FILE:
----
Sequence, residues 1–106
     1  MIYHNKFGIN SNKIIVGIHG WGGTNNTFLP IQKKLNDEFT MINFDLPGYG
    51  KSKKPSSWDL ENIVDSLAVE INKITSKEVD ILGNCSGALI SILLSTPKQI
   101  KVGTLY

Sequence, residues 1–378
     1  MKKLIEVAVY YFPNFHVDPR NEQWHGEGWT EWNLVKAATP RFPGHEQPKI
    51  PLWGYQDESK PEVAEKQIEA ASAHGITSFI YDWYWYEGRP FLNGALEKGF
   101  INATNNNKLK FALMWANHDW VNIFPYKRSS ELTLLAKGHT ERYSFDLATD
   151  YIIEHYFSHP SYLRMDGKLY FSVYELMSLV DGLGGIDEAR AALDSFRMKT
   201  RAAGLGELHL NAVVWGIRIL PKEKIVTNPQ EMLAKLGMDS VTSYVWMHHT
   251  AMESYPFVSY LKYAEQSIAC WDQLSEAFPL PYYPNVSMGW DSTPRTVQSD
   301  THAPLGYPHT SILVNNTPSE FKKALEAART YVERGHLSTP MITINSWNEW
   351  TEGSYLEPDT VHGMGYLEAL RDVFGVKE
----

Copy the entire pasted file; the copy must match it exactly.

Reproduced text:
Sequence, residues 1–106
     1  MIYHNKFGIN SNKIIVGIHG WGGTNNTFLP IQKKLNDEFT MINFDLPGYG
    51  KSKKPSSWDL ENIVDSLAVE INKITSKEVD ILGNCSGALI SILLSTPKQI
   101  KVGTLY

Sequence, residues 1–378
     1  MKKLIEVAVY YFPNFHVDPR NEQWHGEGWT EWNLVKAATP RFPGHEQPKI
    51  PLWGYQDESK PEVAEKQIEA ASAHGITSFI YDWYWYEGRP FLNGALEKGF
   101  INATNNNKLK FALMWANHDW VNIFPYKRSS ELTLLAKGHT ERYSFDLATD
   151  YIIEHYFSHP SYLRMDGKLY FSVYELMSLV DGLGGIDEAR AALDSFRMKT
   201  RAAGLGELHL NAVVWGIRIL PKEKIVTNPQ EMLAKLGMDS VTSYVWMHHT
   251  AMESYPFVSY LKYAEQSIAC WDQLSEAFPL PYYPNVSMGW DSTPRTVQSD
   301  THAPLGYPHT SILVNNTPSE FKKALEAART YVERGHLSTP MITINSWNEW
   351  TEGSYLEPDT VHGMGYLEAL RDVFGVKE